How to Brake the Cycle of Blame and Pain

Monday, July 6th, 2009

It’s been called the “Blame Game”. It’s a favorite pass time of politicians everywhere. You know it is coming when a public official (or anyone else, for that matter) starts a faux apology with “I’m sorry if you…” The subtle shifting of the blame from to the recipient of the apology has been elevated to an art form in some political circles. In the real world, however, blame and forgiveness cannot walk hand in hand.

We’ve all heard the expression “I can forgive, but I won’t forget“. What that really translates to is “I’m forgiving you for now, but I reserve the right to un-forgive at some point in the future.” Forgiving without forgetting is not truly forgiving. You cannot sincerely and completely forgive someone if you continue to blame the person for the offense.

Solemate – Mastering the Art of Aloneness

Thursday, April 9th, 2009

This book is about you. Mastering the art of aloneness is about having a good relationship with yourself. It’s about becoming the person you were meant to be, treating yourself well, and shedding the old beliefs and behaviors that limit your ability to live a healthy, happy, satisfying life – with or without a partner.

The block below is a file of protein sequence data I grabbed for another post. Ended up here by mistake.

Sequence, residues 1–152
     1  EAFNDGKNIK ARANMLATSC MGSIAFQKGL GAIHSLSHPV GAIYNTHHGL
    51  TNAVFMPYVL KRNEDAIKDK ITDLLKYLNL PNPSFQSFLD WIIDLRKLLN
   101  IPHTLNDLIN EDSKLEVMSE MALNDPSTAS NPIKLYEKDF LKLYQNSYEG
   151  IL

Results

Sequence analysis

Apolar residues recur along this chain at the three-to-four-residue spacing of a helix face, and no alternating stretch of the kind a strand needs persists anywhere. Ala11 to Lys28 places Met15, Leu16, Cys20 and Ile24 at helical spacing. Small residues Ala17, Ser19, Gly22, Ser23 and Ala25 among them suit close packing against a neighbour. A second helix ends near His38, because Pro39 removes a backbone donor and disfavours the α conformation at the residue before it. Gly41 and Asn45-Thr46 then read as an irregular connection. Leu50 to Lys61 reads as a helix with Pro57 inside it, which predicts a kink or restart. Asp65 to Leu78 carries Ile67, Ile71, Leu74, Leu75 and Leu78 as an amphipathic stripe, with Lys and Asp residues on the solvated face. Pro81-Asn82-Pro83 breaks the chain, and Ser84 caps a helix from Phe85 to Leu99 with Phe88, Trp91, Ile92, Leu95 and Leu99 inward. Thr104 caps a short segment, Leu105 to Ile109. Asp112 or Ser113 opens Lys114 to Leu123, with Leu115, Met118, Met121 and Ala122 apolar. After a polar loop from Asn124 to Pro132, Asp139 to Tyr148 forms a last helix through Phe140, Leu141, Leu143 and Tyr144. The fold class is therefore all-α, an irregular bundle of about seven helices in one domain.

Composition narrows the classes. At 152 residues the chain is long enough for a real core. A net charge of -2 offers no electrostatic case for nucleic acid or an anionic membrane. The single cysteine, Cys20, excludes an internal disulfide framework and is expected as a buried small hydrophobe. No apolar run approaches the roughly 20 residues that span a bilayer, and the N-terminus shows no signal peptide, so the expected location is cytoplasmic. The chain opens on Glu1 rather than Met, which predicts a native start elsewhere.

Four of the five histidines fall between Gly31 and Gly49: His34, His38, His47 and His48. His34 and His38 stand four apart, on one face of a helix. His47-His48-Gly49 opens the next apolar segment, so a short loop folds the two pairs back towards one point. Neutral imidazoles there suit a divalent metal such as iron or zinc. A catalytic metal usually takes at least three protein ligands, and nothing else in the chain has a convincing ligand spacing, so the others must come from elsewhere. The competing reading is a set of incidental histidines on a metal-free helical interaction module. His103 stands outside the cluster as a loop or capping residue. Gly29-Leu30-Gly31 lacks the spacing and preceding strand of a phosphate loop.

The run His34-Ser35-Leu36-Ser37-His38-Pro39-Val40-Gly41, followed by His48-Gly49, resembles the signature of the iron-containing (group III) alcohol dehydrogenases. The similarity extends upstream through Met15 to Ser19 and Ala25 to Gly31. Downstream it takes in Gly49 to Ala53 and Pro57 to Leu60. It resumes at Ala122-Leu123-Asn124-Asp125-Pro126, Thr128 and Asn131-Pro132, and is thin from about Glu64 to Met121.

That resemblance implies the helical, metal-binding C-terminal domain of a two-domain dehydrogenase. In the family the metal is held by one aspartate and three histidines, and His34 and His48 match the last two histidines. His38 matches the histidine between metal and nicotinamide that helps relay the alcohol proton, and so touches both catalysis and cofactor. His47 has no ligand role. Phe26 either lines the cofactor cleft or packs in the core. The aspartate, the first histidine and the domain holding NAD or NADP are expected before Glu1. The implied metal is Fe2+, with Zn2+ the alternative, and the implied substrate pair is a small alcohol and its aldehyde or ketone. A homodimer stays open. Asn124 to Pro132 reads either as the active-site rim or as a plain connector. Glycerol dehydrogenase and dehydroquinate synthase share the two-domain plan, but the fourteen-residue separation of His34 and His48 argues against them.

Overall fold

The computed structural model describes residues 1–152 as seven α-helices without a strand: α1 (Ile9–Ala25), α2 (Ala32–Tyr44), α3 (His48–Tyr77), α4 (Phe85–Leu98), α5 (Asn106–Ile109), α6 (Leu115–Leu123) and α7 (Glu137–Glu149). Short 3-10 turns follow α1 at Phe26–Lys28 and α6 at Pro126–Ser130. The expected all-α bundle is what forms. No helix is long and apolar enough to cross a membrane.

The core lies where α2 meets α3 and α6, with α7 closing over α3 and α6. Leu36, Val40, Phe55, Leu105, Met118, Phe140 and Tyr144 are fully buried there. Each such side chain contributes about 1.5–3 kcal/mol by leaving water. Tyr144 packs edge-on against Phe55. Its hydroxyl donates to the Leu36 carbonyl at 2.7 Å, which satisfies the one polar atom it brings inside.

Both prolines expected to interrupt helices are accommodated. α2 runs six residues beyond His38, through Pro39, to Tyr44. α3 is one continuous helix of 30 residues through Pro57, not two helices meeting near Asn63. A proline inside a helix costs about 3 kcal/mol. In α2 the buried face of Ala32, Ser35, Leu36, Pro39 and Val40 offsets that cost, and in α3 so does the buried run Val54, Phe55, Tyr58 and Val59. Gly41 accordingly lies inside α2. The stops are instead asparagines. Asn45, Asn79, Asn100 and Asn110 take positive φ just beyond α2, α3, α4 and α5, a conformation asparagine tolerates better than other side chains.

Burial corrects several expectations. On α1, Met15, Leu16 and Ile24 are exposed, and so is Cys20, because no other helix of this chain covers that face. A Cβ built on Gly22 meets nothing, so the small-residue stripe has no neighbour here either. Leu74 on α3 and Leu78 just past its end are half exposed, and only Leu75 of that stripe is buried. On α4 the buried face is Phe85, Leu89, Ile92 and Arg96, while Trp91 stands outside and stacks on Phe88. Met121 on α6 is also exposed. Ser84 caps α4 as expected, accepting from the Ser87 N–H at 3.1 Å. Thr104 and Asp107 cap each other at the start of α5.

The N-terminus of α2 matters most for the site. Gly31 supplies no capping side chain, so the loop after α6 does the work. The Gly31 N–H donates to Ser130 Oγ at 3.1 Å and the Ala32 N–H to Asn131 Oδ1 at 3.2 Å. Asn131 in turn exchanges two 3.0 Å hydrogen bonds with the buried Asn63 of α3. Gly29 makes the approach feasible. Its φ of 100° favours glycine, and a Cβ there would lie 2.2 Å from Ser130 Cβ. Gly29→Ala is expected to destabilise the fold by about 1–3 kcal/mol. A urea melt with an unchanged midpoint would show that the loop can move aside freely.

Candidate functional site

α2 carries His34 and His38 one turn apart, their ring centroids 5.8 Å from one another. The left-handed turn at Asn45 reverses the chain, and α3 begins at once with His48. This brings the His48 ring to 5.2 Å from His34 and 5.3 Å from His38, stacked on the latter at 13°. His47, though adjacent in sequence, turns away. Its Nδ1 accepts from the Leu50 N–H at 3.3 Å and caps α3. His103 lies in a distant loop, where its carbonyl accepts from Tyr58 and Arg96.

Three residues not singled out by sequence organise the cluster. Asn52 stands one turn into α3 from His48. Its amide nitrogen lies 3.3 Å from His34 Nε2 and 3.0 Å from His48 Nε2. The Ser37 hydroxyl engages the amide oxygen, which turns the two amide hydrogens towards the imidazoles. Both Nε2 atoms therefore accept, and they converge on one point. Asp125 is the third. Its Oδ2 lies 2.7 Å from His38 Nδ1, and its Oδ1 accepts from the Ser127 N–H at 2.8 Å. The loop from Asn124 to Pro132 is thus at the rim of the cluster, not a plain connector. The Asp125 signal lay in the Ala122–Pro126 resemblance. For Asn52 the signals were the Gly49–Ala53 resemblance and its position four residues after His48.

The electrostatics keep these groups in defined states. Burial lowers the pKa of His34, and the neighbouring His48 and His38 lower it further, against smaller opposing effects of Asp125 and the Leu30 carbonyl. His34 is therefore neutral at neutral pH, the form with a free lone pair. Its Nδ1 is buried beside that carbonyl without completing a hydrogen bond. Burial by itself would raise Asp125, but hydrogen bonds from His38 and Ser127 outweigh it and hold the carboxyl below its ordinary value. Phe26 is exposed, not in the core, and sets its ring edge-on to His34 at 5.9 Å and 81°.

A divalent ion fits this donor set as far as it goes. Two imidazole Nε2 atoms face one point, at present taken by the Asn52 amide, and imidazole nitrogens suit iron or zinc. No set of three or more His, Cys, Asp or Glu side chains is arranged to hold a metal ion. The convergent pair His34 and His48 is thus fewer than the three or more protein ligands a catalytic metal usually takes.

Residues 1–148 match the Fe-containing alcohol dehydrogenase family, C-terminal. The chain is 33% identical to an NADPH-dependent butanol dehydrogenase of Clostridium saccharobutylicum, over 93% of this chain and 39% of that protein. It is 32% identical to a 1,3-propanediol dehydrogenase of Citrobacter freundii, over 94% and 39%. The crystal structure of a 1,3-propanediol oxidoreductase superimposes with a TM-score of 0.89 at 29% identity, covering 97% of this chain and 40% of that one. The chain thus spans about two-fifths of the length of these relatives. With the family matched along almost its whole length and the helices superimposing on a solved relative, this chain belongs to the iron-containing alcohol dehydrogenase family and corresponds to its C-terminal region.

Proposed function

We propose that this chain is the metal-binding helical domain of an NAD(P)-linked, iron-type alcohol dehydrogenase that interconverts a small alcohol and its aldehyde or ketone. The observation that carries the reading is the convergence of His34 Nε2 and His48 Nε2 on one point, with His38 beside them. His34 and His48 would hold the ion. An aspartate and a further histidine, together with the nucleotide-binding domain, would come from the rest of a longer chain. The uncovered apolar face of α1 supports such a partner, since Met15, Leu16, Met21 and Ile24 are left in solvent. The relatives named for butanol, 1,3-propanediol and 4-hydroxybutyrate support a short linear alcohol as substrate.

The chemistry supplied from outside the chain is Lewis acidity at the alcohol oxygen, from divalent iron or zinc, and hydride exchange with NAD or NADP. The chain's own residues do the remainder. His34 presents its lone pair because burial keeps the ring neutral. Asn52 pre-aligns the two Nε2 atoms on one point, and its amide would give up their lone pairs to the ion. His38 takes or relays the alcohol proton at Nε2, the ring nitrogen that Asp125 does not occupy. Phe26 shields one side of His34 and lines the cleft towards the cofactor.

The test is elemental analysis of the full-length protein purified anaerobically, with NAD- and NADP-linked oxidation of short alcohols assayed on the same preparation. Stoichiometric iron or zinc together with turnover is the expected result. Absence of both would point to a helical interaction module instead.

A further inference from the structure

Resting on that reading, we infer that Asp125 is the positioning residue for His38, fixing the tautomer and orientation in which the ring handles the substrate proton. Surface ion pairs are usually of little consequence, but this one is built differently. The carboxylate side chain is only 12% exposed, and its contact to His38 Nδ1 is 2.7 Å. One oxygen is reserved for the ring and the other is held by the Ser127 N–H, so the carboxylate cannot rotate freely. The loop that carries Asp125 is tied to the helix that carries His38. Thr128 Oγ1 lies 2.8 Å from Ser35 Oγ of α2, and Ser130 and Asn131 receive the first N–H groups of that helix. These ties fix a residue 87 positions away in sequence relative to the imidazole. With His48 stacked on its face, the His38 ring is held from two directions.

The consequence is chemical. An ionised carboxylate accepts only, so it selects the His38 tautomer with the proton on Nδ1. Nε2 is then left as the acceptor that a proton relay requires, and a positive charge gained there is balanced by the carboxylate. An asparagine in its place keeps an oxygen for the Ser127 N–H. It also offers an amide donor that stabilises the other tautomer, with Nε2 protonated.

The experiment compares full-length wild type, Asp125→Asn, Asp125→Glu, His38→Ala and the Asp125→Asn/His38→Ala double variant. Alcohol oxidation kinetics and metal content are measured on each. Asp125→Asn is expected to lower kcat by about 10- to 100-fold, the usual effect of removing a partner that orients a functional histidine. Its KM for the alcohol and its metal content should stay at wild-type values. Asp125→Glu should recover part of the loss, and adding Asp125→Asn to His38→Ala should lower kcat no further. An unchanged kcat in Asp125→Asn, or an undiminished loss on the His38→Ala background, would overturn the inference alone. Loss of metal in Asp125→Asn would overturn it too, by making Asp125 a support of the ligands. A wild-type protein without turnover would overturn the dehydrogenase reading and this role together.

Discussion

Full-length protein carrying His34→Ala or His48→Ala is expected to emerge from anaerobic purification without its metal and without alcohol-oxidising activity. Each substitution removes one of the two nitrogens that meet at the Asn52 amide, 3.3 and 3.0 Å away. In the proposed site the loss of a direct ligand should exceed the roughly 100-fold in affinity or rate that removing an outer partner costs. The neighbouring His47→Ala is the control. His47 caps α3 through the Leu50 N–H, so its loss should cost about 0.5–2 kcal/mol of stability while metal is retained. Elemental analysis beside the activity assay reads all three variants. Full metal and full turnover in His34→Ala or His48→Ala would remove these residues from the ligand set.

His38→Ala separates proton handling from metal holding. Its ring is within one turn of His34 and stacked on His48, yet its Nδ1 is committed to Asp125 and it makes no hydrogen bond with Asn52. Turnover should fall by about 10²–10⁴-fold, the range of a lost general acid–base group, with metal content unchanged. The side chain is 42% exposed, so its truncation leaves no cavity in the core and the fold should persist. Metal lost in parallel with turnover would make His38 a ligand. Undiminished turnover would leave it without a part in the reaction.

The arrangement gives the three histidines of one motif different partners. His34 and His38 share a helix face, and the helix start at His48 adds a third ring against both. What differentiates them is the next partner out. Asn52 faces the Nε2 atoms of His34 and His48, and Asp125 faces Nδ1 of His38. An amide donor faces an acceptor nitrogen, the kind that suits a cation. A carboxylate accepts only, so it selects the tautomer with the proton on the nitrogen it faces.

When we are born, we are whole, integrated human beings filled with tremendous potential. We feel good about ourselves and are able to experience and express the full range of human emotions. As we grow up, we adapt to the peculiarities – and even pathologies – of our own families by adopting patterns of thought and behavior, some of which erode our innate wholeness.

The Real Meaning in Life

Friday, September 26th, 2008

Years ago a young woman came to me for help. To maintain confidentiality, I will invent a name for her. I’ll call her Mary. This young woman in her late thirties had a history of self-mutilation and suicidal behavior. She came in for pastoral counseling, and I agreed to see her only if her psychiatrist agreed and was kept fully informed.

That issue out of the way, her first appointment was made. My secretary brought me her file, including the pre-process forms I used. As I reviewed the information in the file, I was taken by the fact that one of her prior therapists was a famous psychiatrist. I thought to myself, “And what on earth am I to do if this person couldn’t help her?”